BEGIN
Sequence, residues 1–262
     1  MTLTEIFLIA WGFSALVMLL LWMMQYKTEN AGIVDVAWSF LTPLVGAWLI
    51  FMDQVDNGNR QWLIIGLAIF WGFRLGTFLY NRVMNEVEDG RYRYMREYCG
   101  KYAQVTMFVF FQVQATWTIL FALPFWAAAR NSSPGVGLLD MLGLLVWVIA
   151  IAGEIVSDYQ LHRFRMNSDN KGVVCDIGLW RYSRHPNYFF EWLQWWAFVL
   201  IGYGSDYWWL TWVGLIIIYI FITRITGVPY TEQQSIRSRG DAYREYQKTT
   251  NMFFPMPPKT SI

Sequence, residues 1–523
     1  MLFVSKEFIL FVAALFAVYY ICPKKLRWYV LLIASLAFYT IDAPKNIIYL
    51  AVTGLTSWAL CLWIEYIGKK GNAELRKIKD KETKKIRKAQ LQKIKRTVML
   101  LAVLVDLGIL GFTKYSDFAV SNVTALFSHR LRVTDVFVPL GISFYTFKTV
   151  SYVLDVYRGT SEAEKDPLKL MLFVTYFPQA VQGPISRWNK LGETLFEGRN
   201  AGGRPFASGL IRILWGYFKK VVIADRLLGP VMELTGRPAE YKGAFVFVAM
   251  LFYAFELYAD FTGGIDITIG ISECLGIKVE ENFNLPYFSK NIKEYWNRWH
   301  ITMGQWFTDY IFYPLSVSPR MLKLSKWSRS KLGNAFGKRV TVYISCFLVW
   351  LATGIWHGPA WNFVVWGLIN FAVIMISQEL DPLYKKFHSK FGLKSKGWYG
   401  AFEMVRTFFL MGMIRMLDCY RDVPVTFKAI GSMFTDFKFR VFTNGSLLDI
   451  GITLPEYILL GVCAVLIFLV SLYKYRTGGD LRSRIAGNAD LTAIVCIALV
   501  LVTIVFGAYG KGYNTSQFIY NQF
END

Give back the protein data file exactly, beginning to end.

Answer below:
Sequence, residues 1–262
     1  MTLTEIFLIA WGFSALVMLL LWMMQYKTEN AGIVDVAWSF LTPLVGAWLI
    51  FMDQVDNGNR QWLIIGLAIF WGFRLGTFLY NRVMNEVEDG RYRYMREYCG
   101  KYAQVTMFVF FQVQATWTIL FALPFWAAAR NSSPGVGLLD MLGLLVWVIA
   151  IAGEIVSDYQ LHRFRMNSDN KGVVCDIGLW RYSRHPNYFF EWLQWWAFVL
   201  IGYGSDYWWL TWVGLIIIYI FITRITGVPY TEQQSIRSRG DAYREYQKTT
   251  NMFFPMPPKT SI

Sequence, residues 1–523
     1  MLFVSKEFIL FVAALFAVYY ICPKKLRWYV LLIASLAFYT IDAPKNIIYL
    51  AVTGLTSWAL CLWIEYIGKK GNAELRKIKD KETKKIRKAQ LQKIKRTVML
   101  LAVLVDLGIL GFTKYSDFAV SNVTALFSHR LRVTDVFVPL GISFYTFKTV
   151  SYVLDVYRGT SEAEKDPLKL MLFVTYFPQA VQGPISRWNK LGETLFEGRN
   201  AGGRPFASGL IRILWGYFKK VVIADRLLGP VMELTGRPAE YKGAFVFVAM
   251  LFYAFELYAD FTGGIDITIG ISECLGIKVE ENFNLPYFSK NIKEYWNRWH
   301  ITMGQWFTDY IFYPLSVSPR MLKLSKWSRS KLGNAFGKRV TVYISCFLVW
   351  LATGIWHGPA WNFVVWGLIN FAVIMISQEL DPLYKKFHSK FGLKSKGWYG
   401  AFEMVRTFFL MGMIRMLDCY RDVPVTFKAI GSMFTDFKFR VFTNGSLLDI
   451  GITLPEYILL GVCAVLIFLV SLYKYRTGGD LRSRIAGNAD LTAIVCIALV
   501  LVTIVFGAYG KGYNTSQFIY NQF